Students, Professor Speak On Earthquake Experience in Japan

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Author: Claire Diggins

Four members of the community returned to campus two weeks ago after experiencing the magnitue 9.0 earthquake that hit Japan. Ariana Frazier, Dayna Chikamoto and Kiana Dobson (juniors) were all studying abroad in Japan, and assistant adjunct professor of history Jeremiah Axelrod was in Japan celebrating a belated honeymoon.

Frazier, Chikamoto and Dobson had only arrived in Japan on March 3 to begin their semester abroad, as their study-abroad university’s academic calendar is different than Occidental’s. The students were in class together at their school in Kawagoe, about a 45-minute train ride from downtown Tokyo, when the earthquake hit.

“Normally in earthquakes it will feel really long, but then you will find out it was only 15 seconds, or something. But this one really felt like forever. We were able to have entire conversations during it,” Frazier said. Although Kawagoe is over 230 miles from the epicenter of the massive 9.0 magnitude quake, the students still experienced about five minutes of shaking.

The students were able to e-mail friends and family back home with the prepaid cellphones they had purchased.

In the short period of time that the students had been in Japan, they had already become very close with all students in their 25-student program.

“We all really clicked. It definitely felt like we’d known each other for a month already,” Frazier said. Chikamoto agreed and said, “It was good that we had such a good support system. I think it was good that we were all together at school when it hit so we weren’t freaking out worrying about each other.”

Frazier was able to bike home after the earthquake and assure her host family she was all right. Chikamoto and Dobson, however, took the train to school and were not able to get home until later that evening, as all of the trains were not operating.

“I wasn’t able to get home until 11 p.m. that night, and my host parents were up waiting for me. They were really glad I was okay. They opened the door for me as soon as I began to turn the doorknob. They had been pretty worried,” Dobson said.

Before leaving Japan, the students observed a fair amount of disarray. The country had established rolling blackouts in order to conserve energy, so they frequently experienced a lack of electricity.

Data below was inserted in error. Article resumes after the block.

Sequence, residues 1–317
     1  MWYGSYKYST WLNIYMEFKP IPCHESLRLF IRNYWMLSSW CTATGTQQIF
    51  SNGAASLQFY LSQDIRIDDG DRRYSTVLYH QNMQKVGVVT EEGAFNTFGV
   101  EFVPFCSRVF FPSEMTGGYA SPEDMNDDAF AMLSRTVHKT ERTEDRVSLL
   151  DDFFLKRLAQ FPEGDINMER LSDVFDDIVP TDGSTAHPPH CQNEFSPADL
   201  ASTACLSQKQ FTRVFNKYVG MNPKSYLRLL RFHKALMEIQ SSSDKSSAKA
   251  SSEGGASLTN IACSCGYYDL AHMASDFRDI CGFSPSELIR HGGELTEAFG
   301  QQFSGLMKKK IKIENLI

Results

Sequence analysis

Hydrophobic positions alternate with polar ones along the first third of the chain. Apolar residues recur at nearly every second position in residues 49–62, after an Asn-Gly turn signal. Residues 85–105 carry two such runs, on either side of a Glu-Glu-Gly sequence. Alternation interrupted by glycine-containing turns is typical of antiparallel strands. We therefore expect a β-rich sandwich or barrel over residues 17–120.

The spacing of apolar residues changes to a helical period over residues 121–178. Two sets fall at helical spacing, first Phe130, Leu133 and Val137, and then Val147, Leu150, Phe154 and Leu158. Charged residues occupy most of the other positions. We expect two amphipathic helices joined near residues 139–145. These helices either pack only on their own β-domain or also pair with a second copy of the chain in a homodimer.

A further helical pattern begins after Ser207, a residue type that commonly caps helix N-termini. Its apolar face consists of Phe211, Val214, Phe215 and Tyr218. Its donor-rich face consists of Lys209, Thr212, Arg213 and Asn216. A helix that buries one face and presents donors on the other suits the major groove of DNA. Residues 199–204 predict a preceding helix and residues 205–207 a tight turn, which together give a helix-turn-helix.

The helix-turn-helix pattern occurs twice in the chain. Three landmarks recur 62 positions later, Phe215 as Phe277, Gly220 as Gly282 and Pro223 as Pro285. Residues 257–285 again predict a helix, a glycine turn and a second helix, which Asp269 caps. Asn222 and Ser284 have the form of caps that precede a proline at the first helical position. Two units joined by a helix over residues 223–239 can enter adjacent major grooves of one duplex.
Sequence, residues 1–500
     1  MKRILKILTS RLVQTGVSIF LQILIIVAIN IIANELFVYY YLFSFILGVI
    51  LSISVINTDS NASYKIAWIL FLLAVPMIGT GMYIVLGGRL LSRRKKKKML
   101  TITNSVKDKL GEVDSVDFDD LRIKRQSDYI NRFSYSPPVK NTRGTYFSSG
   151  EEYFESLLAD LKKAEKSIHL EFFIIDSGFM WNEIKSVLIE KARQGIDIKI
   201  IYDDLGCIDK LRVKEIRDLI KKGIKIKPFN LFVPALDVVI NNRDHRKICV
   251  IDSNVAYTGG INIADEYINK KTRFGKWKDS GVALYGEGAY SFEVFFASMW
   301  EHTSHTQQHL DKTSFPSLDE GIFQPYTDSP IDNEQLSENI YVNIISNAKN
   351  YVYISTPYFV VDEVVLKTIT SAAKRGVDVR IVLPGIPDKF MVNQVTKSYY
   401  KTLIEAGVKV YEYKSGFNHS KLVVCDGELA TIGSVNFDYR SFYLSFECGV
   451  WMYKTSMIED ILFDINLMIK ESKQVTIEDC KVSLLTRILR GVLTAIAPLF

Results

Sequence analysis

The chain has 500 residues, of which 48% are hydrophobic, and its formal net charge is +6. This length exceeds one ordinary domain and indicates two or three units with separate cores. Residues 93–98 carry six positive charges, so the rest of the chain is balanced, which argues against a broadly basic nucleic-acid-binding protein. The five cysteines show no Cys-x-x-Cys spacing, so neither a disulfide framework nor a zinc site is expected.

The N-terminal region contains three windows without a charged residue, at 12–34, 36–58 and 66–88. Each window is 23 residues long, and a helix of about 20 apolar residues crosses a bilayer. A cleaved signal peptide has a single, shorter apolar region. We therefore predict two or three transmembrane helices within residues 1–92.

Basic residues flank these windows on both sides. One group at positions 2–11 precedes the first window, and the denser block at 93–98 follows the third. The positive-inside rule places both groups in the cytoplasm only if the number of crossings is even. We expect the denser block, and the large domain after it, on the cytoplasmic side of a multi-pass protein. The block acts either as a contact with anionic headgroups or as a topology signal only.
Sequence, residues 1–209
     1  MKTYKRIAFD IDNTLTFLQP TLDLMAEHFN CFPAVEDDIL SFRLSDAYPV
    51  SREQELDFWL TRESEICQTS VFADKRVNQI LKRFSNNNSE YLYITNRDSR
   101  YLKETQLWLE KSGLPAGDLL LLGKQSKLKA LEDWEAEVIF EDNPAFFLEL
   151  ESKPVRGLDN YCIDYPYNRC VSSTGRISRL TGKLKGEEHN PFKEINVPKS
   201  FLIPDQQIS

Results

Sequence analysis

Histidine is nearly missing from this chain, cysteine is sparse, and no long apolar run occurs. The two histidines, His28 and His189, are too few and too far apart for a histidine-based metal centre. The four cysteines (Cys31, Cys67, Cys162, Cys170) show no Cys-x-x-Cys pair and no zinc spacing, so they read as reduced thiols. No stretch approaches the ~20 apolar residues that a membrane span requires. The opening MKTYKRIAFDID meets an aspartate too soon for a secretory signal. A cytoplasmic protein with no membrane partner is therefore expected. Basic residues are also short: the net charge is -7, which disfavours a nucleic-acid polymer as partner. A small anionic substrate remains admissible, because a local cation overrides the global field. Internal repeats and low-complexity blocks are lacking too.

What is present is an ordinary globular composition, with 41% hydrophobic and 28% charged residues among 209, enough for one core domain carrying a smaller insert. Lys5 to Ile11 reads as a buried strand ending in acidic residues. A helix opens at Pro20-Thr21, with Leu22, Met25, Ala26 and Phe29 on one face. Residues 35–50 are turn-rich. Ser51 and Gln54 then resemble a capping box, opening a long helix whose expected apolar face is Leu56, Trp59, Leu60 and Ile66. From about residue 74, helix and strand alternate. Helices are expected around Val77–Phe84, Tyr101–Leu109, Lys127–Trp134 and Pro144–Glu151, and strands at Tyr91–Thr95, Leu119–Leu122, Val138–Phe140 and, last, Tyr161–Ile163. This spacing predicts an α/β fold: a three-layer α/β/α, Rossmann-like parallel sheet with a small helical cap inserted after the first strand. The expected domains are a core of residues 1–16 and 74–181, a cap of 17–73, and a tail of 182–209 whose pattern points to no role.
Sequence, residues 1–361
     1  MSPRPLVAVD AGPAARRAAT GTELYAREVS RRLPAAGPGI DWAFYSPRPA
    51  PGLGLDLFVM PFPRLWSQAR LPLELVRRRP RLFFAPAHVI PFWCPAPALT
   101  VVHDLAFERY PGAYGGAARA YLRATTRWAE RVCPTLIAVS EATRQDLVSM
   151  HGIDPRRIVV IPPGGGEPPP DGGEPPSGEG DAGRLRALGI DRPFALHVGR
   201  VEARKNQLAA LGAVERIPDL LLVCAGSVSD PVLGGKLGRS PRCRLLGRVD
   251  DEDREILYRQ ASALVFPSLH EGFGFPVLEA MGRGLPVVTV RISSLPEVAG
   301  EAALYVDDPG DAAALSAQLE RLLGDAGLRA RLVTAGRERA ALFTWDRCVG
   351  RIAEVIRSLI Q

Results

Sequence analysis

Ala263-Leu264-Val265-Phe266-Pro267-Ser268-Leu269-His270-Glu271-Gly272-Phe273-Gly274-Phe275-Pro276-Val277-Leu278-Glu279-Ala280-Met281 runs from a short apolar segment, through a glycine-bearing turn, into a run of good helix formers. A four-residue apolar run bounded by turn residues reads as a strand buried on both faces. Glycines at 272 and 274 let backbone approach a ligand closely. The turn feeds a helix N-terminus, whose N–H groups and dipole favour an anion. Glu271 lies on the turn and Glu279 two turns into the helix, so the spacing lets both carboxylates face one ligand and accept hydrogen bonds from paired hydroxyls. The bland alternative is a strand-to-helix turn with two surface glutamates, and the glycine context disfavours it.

Chikamoto observed that even though there were crowds and lines, people were not in a panic.

“The grocery stores were filled with people and running out of food, but everyone remained really orderly. They would take what food they could without creating any chaos. People were not shoving each other; it was very nice and orderly,” Chikamoto said.

Some families have been quietly pitching in to the recovery effort.

“People were trying to send supplies to the worst hit areas. Our friend’s mother was sending blankets because they were running out of blankets to cover all the bodies. People were trying to help out as much as possible, but otherwise people were still going to work and everything,” Frazier said.

Chikamoto was the first to leave, booking a flight for Tuesday, March 15, after her parents asked her to come home right away. Frazier and Dobson left at the end of the week and said by then the airports had become really crowded.

“The lines were horrendously long in the airport,” Dobson said.

All of the students had grown very close to their host families already and were very sad to leave them so abruptly. Dobson’s host family and neighbors even threw her a going away party.

“They had a big party for me with the neighbors I had gotten to know. We took pictures and ate- they made lots of food! My neighbors even brought me souvenirs. My eight-year-old host sister came to say bye to me before she went to school, and my host Mom told me that all night she had slept with an origami Pikachu I made her,” Dobson said.